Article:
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Local charities get help from two traveling bicycle groups

One builds a house, another helps dogs rescued from puppy mills

Two Bicycle Groups Help Local Charities

EL PASO COUNTY, Colo. - People in southern Colorado who get an affordable home or a rescue pet may have two bicycle groups to thank.

On Sunday, the California-based group, One Pulse, came to the National Mill Dog Rescue in Peyton.  Six cyclists left Los Angeles June 12 and are riding across the country.

The cyclists are accompanied by several people in a support vehicle.  The group is in its second year of raising money and collecting donations for several charities.  This year, the group chose the rescue as a beneficiary.

"We'd like to raise about $28,000 for them," said the group's founder, Eric McQuesten.  "I've learned a lot more about what they do.  It's more than I thought."

Rescue founder Theresa Strader is grateful.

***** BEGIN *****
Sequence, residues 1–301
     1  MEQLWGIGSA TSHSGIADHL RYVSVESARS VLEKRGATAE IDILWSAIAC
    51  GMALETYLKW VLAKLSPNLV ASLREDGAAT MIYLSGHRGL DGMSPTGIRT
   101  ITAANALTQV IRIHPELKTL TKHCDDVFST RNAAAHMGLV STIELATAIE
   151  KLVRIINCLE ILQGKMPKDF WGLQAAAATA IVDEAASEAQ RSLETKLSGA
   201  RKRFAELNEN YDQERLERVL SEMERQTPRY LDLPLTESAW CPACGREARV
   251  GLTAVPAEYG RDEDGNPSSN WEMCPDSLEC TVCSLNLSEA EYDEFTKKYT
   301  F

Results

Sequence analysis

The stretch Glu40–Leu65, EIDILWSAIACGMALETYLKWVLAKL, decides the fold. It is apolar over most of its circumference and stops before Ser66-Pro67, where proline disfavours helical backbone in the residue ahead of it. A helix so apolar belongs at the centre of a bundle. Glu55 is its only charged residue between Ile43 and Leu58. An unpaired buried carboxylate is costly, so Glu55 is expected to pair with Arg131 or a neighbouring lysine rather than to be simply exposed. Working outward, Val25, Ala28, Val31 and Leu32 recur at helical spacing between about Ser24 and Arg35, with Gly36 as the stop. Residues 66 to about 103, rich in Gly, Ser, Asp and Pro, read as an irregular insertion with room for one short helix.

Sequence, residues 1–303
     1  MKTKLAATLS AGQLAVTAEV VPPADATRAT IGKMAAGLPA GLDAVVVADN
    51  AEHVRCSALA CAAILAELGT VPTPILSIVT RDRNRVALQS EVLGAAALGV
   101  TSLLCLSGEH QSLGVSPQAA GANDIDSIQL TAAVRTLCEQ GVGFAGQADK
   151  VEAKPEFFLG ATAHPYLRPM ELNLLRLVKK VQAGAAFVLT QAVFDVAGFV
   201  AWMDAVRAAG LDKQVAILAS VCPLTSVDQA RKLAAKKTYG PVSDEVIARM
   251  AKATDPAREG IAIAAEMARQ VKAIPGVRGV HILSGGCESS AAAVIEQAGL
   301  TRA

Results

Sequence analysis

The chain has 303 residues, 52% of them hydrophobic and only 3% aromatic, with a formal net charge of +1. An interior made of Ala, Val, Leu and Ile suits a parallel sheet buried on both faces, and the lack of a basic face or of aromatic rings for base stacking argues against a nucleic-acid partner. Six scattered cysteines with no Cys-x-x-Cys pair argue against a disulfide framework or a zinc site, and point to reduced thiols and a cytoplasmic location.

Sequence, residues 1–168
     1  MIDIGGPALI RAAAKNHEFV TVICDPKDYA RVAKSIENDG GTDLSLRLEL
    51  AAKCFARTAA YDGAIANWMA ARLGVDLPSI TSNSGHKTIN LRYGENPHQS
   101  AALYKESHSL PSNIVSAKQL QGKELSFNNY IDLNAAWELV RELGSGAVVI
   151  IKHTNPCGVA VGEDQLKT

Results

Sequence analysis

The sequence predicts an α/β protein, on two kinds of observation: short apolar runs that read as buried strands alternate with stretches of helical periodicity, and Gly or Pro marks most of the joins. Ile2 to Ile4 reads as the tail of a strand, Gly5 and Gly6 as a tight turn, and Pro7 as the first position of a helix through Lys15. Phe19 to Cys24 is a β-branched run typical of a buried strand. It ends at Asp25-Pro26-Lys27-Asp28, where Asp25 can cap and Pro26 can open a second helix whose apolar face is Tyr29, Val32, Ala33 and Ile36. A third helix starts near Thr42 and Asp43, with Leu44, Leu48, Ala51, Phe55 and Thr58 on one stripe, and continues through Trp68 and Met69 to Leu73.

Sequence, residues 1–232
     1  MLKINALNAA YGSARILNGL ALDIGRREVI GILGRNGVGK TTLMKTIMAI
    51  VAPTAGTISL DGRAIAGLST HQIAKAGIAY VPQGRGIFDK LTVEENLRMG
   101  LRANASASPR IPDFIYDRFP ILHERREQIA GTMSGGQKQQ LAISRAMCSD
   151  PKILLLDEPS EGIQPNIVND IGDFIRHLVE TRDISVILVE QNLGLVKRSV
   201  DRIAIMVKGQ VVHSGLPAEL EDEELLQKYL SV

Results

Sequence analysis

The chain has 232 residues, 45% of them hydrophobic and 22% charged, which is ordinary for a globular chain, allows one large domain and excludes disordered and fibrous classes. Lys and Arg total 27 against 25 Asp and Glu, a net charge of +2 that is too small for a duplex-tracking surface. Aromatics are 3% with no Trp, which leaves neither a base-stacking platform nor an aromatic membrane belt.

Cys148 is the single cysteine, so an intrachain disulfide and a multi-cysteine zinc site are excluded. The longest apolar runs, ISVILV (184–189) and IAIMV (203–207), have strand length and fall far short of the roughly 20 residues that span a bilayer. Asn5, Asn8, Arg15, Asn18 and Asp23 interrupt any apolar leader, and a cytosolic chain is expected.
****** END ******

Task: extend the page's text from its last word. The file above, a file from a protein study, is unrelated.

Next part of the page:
"We spend about $1,200 on each dog, from arrival to adoption," she said.  "Twenty-eight thousand dollars is care for an awful lot of dogs.  And the (cyclists) are going across the country, educating people and telling them about our mission."

The cyclists planned to welcome the arrival of new dogs from a puppy mill, name them and help find homes for them.  McQuesten said social media is an important part of raising money.

The group will spend the night at the rescue and continue towards New York where the trip ends Aug. 12.

"Some of us quit our jobs, some are on leave," he said.  "We all love to bike."

Meanwhile, farther south in Fountain, 30 college-age members of Bike to Build began building a house for Habitat for Humanity.

The group left South Carolina on a three-month journey that ends in California and includes several stops to build Habitat for Humanity homes.

"We usually stay in churches and community centers along the way," said group member Abraham Murrell.  "They provide meals and that allows us to give back more of our money to the affordable housing cause."

Amanda Williams and her family will benefit from the group's work.  She and her four children will move into the home on Bunting Avenue when it's finished.

"This is so important to me and my family," Williams said.  "Without this, I'd still be living with my mother."

Murrell said the group rides 75 miles daily when on its route, and works four hours a day at Habitat sites.


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